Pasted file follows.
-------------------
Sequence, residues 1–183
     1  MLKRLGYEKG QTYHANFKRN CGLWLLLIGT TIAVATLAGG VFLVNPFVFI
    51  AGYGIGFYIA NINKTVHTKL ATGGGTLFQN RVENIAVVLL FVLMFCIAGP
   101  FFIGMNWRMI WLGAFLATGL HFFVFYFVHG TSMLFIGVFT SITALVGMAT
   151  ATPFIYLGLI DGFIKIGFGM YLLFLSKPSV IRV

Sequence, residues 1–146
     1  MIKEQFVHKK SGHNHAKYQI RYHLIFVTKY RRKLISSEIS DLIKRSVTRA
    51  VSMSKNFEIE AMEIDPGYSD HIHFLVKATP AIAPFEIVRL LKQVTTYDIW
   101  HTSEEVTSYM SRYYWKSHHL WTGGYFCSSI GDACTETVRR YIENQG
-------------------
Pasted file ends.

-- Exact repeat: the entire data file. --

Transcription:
Sequence, residues 1–183
     1  MLKRLGYEKG QTYHANFKRN CGLWLLLIGT TIAVATLAGG VFLVNPFVFI
    51  AGYGIGFYIA NINKTVHTKL ATGGGTLFQN RVENIAVVLL FVLMFCIAGP
   101  FFIGMNWRMI WLGAFLATGL HFFVFYFVHG TSMLFIGVFT SITALVGMAT
   151  ATPFIYLGLI DGFIKIGFGM YLLFLSKPSV IRV

Sequence, residues 1–146
     1  MIKEQFVHKK SGHNHAKYQI RYHLIFVTKY RRKLISSEIS DLIKRSVTRA
    51  VSMSKNFEIE AMEIDPGYSD HIHFLVKATP AIAPFEIVRL LKQVTTYDIW
   101  HTSEEVTSYM SRYYWKSHHL WTGGYFCSSI GDACTETVRR YIENQG